Dusetos Jewish Community
In the years after the Holocaust, more than 700 yizkor (memorial) books were created for the Jewish communities in towns and regions in Eastern and Central Europe. For the past 30 years, JewishGen, a non-profit organization based in New York, has been leading a volunteer effort to translate these books into English and post the translations on-line. When a book is completely translated, JewishGen publishes an “in-print” version of the English translation. In 2018, the “in-print” version of translated material.
In 2018, JewishGen published an in-print version of the yizkor book for Dusetos, in Zarasai County, Lithuania, and RLI distributed copies donated by JewishGen to several institutions in Lithuania.
Kavarskas Jewish Community
Rimantas Varanavičius and RLI’s Aldona Shapiro attended high school in Kavarskas during Soviet times, when there was no public discussion of the former Jewish community, which was annihilated in 1941.
Rimantas is committed to preserving the memory among Lithuanians of Kavarskas’ Jewish community. In 2018, he urged Aldona to translate into Lithuanian the Kavarskas entry in the Encyclopedia of Lithuanian Jewish Communities (Pinkas HaKehillot: Lita). Her Lithuanian translation, which was reviewed by Dr. Lara Lempertienė, the director of the Judaica Research Center of Lithuanian’s National Library, and Virginija Mann, an expert in the Lithuanian language, was the first Lithuanian-language translation of a yizkor-book article that was accepted for posting by JewishGen (compare with English translation).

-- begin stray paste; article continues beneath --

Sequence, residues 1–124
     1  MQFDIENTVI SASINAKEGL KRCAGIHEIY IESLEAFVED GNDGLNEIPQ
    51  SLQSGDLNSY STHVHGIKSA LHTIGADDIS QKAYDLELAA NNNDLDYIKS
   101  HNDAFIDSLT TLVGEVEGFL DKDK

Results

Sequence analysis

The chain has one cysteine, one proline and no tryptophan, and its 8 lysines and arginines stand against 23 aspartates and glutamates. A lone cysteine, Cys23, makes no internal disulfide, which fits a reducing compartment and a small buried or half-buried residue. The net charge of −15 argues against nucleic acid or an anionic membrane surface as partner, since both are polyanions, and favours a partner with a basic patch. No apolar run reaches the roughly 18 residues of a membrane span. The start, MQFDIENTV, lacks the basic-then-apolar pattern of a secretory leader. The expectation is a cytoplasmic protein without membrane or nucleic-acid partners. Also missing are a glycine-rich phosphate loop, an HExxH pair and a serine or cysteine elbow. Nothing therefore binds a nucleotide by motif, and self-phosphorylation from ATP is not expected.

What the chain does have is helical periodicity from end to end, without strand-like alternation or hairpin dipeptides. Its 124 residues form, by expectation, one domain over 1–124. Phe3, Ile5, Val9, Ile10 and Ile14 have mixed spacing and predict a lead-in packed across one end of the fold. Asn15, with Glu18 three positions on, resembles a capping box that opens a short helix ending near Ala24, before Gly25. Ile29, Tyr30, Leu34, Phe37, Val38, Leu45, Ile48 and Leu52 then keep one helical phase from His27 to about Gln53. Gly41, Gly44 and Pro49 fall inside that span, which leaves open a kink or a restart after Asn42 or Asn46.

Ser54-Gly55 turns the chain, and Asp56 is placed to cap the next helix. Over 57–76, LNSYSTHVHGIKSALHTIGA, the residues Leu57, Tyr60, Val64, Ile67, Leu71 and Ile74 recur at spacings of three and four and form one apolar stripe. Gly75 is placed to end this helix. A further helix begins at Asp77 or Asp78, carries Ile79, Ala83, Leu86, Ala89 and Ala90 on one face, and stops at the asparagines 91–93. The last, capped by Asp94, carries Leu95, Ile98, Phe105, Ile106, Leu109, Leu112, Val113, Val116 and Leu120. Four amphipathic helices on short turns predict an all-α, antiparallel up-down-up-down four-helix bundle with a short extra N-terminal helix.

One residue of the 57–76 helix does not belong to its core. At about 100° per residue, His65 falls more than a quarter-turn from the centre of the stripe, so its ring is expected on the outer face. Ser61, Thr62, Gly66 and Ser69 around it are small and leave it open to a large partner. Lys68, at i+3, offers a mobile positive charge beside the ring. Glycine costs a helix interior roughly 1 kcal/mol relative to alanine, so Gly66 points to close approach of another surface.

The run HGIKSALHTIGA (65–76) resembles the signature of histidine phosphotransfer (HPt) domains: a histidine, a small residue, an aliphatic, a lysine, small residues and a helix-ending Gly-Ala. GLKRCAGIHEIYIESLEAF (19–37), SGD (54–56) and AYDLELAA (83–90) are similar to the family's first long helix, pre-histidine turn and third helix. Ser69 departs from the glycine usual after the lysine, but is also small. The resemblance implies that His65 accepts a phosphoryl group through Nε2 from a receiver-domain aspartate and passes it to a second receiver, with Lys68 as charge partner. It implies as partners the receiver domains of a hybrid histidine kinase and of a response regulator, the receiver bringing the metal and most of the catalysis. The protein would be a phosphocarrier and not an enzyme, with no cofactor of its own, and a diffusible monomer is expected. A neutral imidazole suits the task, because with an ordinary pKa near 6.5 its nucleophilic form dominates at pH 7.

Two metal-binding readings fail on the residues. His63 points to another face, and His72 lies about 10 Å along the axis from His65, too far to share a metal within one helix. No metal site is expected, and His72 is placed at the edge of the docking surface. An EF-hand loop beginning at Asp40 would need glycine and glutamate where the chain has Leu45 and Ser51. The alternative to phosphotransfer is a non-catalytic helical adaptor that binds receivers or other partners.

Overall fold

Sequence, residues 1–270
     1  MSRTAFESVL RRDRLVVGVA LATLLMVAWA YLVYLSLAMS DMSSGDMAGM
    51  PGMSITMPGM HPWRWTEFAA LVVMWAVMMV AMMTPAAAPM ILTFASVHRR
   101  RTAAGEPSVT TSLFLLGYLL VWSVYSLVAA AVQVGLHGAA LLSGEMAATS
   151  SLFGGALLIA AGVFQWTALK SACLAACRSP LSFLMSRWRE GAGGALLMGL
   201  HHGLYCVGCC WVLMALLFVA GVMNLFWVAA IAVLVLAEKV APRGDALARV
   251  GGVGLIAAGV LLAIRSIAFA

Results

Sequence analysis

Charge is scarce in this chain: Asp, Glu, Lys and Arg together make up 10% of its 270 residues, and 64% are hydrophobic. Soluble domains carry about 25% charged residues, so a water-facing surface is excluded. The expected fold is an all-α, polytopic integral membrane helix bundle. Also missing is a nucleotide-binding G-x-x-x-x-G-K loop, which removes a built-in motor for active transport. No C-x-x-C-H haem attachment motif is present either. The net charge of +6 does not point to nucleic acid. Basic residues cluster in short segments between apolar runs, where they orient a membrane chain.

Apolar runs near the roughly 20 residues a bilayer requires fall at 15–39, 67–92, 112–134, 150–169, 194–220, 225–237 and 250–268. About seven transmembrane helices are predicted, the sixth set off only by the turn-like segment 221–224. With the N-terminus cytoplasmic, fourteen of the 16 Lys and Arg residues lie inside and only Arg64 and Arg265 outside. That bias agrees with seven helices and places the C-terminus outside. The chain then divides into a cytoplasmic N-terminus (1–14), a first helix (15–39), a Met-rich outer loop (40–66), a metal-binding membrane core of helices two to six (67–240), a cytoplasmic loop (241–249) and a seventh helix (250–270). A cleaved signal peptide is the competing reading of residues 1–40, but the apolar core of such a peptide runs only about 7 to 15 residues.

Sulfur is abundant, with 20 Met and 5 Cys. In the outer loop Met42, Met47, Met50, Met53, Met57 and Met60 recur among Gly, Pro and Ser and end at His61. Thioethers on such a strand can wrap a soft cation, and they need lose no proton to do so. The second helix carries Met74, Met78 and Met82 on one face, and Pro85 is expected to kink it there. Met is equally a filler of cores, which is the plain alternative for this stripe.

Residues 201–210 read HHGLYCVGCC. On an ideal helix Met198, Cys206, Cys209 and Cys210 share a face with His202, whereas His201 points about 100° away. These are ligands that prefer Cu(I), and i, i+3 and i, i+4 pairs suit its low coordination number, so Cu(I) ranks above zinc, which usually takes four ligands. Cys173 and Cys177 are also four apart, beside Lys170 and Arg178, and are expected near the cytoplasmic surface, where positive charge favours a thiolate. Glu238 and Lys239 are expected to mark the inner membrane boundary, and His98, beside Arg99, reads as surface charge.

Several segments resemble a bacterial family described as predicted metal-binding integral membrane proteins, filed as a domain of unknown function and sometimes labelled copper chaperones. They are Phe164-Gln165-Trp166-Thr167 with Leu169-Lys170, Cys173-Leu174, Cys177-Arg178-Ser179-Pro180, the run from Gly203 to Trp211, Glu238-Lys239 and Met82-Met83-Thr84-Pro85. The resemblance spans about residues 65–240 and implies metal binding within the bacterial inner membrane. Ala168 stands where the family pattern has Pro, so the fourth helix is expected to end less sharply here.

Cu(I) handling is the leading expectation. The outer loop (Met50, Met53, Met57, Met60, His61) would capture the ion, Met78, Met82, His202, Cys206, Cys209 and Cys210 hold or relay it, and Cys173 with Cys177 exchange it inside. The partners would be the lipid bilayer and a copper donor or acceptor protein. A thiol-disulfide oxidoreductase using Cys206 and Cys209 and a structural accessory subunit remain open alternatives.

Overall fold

Architecture of Synagogues in Lithuania and Belarus
Remembering Litvaks, Inc., invited Lithuanian architect Aurimas Širvys to speak to American audiences in March 2017 about his work on projects to restore the condition of surviving structures of synagogues in Lithuania and to create images of lost synagogue buildings.
Mr. Širvys is a graduate of the Vilnius Academy of Arts and works for a private architectural firm in Vilna/Vilnius. He also has an educational, non-profit organization called Architektūros paveldo rekonstrukcija (Architectural Heritage Reconstruction). The non-profit is frequently called upon by the Lithuanian Department of Cultural Affairs and regional governments to provide advice on restoring buildings of historical and cultural significance, such as synagogues, churches, manor houses, and town halls.